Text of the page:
RAMANBHAI BHOLIDAS PATEL THRO PRIYESH RAMANBHAI PATEL Vs. STATE OF GUJARAT
LAWS(GJH)-2021-1-20
HIGH COURT OF GUJARAT
Decided on January 22,2021

Ramanbhai Bholidas Patel Thro Priyesh Ramanbhai Patel Appellant
VERSUS
STATE OF GUJARAT Respondents

JUDGEMENT

NIKHIL S.KARIEL, J. - (1.) Heard learned Senior Counsel Shri I.H. Syed with learned Advocate Shri Aniq A. Kadri for the applicant and learned Public Prosecutor Shri Mitesh Amnin with learned APP Shri Pranav Trivedi for the respondent - State.
(2.) By way of this application preferred under Section 397 read with Seciton 401 of Code of Criminal Procedure, 1973 (hereinafter referred "Cr.P.C.), the applicant challenges the order passed by the learned Additional Sessions Judge, Ahmedabad (Rural), Mirzapur, in Criminal Misc. Application No.10 of 2021 dated 15.01.2021, whereby the order passed by the learned Chief Judicial Magistrate, Ahmedabad (Rural) refusing to grant police remand of the applicant in connection with Criminal Complaint being FIR No. 11191045202201 for the offences punishable under Section 420, 465, 467, 468, 471 read with 120(B) of Indian Penal Code, has been set aside and the applicant is directed to be remanded to the police custody from 16.01.2021 at 11:00 a.m. to 22.01.2021 at 5:00 p.m.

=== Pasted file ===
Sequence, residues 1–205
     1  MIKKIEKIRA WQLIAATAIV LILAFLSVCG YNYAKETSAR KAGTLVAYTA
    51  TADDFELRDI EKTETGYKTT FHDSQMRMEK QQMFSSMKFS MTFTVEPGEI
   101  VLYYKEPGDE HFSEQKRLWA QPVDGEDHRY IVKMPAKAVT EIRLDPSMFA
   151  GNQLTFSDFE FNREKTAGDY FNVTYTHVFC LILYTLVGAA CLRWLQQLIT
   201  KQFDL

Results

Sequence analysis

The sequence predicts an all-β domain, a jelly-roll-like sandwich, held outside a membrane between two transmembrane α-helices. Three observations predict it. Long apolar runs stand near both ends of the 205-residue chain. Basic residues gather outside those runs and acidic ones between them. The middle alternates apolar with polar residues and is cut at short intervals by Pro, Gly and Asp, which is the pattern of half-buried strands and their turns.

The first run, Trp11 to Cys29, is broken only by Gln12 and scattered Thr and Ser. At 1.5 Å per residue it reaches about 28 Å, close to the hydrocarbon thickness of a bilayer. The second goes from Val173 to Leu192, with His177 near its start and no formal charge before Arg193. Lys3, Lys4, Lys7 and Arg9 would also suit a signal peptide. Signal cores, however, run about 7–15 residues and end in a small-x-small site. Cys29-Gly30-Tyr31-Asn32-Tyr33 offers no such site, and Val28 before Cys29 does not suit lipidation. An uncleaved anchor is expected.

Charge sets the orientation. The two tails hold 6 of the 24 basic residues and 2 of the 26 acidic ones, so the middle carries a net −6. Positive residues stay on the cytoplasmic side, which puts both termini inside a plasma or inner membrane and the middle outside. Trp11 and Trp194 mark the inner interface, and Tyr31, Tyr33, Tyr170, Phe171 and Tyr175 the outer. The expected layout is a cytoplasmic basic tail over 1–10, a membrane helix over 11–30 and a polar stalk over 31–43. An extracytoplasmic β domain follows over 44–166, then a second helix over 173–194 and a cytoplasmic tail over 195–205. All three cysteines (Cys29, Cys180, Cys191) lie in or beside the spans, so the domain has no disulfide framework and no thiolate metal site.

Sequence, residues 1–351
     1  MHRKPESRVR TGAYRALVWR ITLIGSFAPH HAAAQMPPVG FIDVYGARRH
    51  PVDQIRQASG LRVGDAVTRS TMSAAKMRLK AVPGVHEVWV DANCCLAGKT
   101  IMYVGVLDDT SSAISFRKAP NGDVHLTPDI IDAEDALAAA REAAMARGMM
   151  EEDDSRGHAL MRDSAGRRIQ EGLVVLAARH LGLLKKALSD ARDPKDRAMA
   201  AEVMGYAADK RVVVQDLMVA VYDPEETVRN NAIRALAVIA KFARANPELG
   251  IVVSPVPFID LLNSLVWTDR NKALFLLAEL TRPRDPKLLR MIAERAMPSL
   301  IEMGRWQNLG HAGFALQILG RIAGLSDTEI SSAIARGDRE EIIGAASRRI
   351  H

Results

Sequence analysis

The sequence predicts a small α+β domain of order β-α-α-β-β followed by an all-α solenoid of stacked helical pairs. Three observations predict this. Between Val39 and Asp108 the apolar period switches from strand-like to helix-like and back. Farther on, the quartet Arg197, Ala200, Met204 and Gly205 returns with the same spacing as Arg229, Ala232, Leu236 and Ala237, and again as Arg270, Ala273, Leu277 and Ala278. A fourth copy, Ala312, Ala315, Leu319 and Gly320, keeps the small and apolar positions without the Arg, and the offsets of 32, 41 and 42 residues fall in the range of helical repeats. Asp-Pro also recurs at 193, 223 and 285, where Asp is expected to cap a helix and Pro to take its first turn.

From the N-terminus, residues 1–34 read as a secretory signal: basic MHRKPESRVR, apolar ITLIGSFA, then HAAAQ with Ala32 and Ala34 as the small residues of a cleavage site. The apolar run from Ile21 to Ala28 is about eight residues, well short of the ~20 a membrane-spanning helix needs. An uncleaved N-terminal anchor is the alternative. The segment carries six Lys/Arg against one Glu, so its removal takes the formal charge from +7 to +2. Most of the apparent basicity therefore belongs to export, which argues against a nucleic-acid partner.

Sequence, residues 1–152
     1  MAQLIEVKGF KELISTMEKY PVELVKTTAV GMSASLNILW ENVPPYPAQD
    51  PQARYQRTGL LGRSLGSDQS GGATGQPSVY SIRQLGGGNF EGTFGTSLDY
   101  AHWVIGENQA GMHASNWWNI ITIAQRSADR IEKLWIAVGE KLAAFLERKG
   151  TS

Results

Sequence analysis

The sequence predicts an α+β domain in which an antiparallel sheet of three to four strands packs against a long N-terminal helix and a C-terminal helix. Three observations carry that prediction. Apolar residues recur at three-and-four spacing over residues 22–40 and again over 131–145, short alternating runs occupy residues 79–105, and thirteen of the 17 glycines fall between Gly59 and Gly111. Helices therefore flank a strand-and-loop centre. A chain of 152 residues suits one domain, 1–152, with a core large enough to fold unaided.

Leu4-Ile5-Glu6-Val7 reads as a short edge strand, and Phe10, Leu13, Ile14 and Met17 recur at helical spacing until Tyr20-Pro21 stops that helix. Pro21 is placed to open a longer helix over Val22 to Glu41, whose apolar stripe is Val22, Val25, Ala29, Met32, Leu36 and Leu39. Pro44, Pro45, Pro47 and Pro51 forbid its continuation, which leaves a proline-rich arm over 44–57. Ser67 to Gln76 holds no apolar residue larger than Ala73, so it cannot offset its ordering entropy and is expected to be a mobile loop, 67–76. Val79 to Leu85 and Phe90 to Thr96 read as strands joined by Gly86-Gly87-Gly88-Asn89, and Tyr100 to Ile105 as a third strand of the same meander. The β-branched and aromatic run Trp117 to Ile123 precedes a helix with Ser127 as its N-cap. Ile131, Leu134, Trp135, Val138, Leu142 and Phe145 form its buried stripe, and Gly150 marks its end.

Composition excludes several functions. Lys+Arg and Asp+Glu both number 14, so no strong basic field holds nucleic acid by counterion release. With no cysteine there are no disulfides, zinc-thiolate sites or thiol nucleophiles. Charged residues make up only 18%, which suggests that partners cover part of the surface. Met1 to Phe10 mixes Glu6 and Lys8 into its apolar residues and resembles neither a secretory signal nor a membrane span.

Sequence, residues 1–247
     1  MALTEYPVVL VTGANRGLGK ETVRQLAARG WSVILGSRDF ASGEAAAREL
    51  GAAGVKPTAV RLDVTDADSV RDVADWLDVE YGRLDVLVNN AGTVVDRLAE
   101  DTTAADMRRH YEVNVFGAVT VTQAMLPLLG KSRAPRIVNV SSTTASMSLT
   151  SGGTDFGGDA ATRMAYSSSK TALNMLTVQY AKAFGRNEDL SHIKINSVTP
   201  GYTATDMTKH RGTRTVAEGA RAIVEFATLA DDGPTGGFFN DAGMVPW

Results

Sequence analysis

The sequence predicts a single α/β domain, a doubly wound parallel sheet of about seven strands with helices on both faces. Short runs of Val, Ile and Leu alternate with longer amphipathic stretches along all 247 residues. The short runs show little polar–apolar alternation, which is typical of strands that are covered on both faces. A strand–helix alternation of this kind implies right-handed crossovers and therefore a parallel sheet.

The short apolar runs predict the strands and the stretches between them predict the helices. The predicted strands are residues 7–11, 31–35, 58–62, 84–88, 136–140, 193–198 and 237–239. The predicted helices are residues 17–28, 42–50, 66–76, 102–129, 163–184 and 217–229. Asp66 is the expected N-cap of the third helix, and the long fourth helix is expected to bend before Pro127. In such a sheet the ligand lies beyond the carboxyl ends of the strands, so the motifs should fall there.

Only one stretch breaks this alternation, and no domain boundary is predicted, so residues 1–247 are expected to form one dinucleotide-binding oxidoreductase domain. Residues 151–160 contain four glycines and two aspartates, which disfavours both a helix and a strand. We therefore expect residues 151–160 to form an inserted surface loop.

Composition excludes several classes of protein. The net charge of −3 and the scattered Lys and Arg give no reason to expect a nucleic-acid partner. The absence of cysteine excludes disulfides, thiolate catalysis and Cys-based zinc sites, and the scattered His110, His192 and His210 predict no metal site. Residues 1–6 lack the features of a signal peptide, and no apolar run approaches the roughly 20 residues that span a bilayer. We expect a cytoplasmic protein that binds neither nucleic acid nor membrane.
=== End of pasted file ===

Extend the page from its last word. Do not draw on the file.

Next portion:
(3.) At the outset, learned Public Prosecutor has raised a preliminary objection with regard to the maintainability of the present Revision Application inasmuch as according to him, an order remanding the accused to the custody would be an interlocutory order and therefore, the same would not be maintainable as specified under Section 397 (2) of the Cr.P.C. In support of such contention, learned Public Prosecutor has relied upon the decision of the Supreme Court in the case of State Represented by Inspector of Police and Ors. Vs. N.M.T. Joy Immaculate reported in (2004)5 Supreme Court Cases 729 , whereby the Supreme Court has held that an order of granting remand is a pure and simple interlocutory order and in view of bar created by sub-section (2) of Section 397 of Cr.P.C., a revision against the said order is not maintainable. Para 13 of the decision of Supreme Court, which is relevant for the present purpose is quoted herein below. "13. Section 167 Cr.P.C. empowers a Judicial Magistrate to authorise the detention of an accused in the custody of police. Section 209 Cr.P.C. confers power upon a Magistrate to remand an accused to custody until the case has been committed to the Court of Sessions and also until the conclusion of the trial. Section 309 Cr.P.C. confers power upon a Court to remand an accused to custody after taking cognizance of an offence or during commencement of trial when it finds it necessary to adjourn the enquiry or trial. The order of remand has no bearing on the proceedings of the trial itself nor it can have any effect on the ultimate decision of the case. If an order of remand is found to be illegal, it cannot result in acquittal of the accused or in termination of proceedings. A remand order cannot affect the progress of the trial or its decision in any manner. Therefore, applying the test laid down in Madhu Limaye's case (supra), it cannot be categorised even as an "intermediate order". The order is, therefore, a pure and simple interlocutory order and in view of the bar created by sub-section (2) of Section 397 Cr.P.C., a revision against the said order is not maintainable. The High Court, therefore, erred in entertaining the revision against the order dated 6.11.2001 of the Metropolitan Magistrate granting police custody of the accused Joy Immaculate for one day." (emphasize supplied) ;


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